If we want to achieve Net Zero, we need to continuously evolve the models we use to understand greenhouse gas sources and sinks. This study looks at the effects of trees, shrubs and lawns on CO2 emissions:
Urban greenery adds CO2 to the atmosphere when vegetation dies and decomposes, increasing total emissions. Urban vegetation also removes this gas from the atmosphere when it photosynthesizes, causing total measured emissions to drop. Understanding the role of urban vegetation is important for managing cities’ green spaces and tracking the effects of other carbon sources.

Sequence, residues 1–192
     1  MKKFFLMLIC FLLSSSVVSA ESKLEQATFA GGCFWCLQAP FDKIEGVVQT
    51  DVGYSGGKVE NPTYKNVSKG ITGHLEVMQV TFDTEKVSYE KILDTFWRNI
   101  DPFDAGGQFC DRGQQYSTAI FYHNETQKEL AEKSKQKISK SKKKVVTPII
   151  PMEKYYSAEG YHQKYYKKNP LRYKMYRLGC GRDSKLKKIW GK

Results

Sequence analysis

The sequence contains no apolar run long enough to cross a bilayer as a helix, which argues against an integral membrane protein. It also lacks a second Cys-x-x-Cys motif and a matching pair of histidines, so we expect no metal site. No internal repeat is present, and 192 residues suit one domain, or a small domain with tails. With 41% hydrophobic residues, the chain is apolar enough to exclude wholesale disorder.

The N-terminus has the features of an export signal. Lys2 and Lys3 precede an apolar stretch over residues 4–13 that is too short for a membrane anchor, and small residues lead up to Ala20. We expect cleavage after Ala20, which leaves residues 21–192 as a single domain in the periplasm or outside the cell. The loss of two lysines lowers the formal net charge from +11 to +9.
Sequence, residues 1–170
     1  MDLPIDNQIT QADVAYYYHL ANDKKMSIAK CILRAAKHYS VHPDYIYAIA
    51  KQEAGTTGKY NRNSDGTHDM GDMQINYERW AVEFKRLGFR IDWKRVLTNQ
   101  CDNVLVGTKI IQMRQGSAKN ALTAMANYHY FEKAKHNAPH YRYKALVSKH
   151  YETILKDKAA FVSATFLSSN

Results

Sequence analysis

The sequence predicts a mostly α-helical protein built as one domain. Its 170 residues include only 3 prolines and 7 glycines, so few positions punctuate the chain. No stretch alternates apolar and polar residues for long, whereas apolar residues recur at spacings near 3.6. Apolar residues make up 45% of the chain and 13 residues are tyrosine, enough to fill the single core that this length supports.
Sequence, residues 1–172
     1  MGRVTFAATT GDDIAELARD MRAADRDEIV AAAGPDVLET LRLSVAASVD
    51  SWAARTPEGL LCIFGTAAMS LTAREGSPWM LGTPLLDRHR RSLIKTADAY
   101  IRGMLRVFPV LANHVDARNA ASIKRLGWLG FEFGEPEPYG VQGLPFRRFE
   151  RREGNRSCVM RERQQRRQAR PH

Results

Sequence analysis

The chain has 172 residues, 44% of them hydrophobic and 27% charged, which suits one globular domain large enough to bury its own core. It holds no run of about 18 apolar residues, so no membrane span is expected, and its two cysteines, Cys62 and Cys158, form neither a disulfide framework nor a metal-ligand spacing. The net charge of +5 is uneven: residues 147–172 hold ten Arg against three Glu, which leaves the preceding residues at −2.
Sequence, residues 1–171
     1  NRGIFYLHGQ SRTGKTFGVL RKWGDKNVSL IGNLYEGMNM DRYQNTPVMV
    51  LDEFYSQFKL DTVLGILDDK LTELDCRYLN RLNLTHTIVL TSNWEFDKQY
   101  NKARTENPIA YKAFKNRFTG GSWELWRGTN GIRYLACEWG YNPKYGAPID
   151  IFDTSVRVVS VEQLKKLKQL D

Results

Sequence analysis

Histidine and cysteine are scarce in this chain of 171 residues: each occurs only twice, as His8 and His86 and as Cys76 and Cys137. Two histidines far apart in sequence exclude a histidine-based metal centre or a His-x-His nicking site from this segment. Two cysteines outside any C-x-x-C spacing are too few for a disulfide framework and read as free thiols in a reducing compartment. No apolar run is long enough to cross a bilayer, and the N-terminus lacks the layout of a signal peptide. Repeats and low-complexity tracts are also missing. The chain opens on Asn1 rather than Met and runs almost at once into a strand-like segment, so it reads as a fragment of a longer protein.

A recently published study showed that among the overall sources of carbon dioxide in urban environments, a fraction is from decaying trees, lawns, and other urban vegetation. The contribution is modest – about one-fifth of the measured CO2 contributed by the urban environment – and varies seasonally. This was more than researchers anticipated and underscores the complexity of tracking urban carbon emissions.